A fifth of Ford's workforce in the UK will be laid off over the course of the next two years, according to the company's announcement.
It is a part of a significant restructuring program that will cause the automaker to eliminate 3,800 jobs across Europe.
As it prepares for the shift to electric vehicles and deals with an uncertain economic future, Ford is reducing the number of development employees.
The majority of the UK cuts will be made at the Dunton, Essex, research facility.
Several hundred back-office positions at locations across the nation are also anticipated to be closed. Halewood, Dagenham, and Daventry production sites, however, won't be impacted.
Less than two years have passed since Ford shut down its Bridgend engine plant.
Tim Slatter, chairman of Ford of Britain, stated that the economic situation in Europe is "pretty difficult, and the outlook is uncertain.".
"High interest rates, inflationary pressures, the protracted conflict in Ukraine, energy prices, etc. ".
He argued that it wasn't the only factor, though. Ford of Europe is getting ready for a significant change in its business.
It anticipates that all the vehicles it constructs in the area will be entirely electric by 2030.
By that time, plug-in hybrids or electric vehicles will make up two out of every three commercial vehicles.
It will also be working to shed its reputation as a mass-market provider of reasonably priced, everyday transportation.
As opposed to this, it wants to create a smaller lineup of more exotic cars that make use of evocative brand names, as it has done with the Mustang Mach-E and the electric F-150 Lightning pickup truck.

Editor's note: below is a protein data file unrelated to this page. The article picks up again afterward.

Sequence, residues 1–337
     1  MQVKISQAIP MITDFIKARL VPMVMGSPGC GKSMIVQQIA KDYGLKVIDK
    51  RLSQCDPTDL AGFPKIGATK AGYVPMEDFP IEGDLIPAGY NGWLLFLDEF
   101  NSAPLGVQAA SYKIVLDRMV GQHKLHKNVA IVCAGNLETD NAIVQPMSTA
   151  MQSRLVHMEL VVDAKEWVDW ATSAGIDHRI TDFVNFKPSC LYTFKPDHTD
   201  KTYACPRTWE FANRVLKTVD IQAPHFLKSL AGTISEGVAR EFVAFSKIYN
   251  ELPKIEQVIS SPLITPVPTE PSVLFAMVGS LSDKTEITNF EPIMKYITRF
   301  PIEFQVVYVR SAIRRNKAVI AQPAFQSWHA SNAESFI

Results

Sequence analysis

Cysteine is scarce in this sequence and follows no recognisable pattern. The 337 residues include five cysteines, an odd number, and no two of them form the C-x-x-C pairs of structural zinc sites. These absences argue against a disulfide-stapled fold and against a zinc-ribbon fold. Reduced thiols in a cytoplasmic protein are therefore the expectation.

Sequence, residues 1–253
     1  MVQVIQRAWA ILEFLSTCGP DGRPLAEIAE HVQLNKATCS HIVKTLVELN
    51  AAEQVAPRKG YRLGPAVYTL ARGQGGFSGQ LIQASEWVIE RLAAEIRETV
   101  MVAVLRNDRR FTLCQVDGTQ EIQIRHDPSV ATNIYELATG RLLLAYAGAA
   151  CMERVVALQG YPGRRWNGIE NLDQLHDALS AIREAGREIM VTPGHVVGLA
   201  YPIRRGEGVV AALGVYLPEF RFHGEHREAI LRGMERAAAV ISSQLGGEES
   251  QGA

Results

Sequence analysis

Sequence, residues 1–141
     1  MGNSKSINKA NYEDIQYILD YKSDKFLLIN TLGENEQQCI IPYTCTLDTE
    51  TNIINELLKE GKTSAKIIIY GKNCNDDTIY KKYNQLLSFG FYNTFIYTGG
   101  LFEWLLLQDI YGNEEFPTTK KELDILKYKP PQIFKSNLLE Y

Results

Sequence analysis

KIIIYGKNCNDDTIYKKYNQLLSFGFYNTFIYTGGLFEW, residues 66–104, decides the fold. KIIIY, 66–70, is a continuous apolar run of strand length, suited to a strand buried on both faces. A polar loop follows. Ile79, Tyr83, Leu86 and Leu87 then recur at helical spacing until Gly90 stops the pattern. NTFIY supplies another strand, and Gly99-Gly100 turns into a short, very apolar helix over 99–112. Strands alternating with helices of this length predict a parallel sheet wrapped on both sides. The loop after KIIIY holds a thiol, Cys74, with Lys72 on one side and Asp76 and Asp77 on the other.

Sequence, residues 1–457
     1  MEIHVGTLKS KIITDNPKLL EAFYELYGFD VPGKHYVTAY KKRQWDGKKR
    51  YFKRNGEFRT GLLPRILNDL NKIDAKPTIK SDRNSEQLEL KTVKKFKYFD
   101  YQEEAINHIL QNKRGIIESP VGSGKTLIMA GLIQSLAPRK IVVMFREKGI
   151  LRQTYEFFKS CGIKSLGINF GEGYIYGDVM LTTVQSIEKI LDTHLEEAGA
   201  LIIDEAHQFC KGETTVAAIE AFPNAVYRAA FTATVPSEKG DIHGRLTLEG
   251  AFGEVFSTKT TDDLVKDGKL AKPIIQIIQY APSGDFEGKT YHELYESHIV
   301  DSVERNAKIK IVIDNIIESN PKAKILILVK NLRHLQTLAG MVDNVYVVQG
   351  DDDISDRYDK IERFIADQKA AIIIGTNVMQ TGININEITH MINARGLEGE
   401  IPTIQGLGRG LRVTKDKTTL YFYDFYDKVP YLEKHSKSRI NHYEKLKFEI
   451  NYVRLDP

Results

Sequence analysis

It also wants to put an emphasis on its lineup of commercial vehicles, particularly the Transit.
The Mondeo's production has already been stopped. The last Fiesta will leave the factory in Cologne in June.
There won't be a direct replacement for the previously most popular runabout because its manufacturing is no longer deemed viable. It's anticipated that the Fiesta name will become obsolete.
Ford plans to invest about $50 billion (£41 billion) over the next few years in the costly process of creating new electric vehicles.
As part of this plan, it has allocated £380 million to upgrade the gearbox factory in Halewood, Merseyside, so that it can produce hundreds of thousands of electric motors annually.
Because electric cars have relatively simple mechanical designs despite requiring sophisticated software, Ford believes that as the development of conventional gasoline and diesel vehicles slows, it will require fewer product development personnel.
This is an area where it believes it can cut costs. Over 2,800 engineering positions will be eliminated in Europe, primarily in the UK and Germany.
Martin Sander, the head of Ford's electric vehicle division for Europe, acknowledged that these were difficult choices that were not made lightly.
"I assure them that we will give them all of our support in the coming months. We are aware of the uncertainty it causes for our team.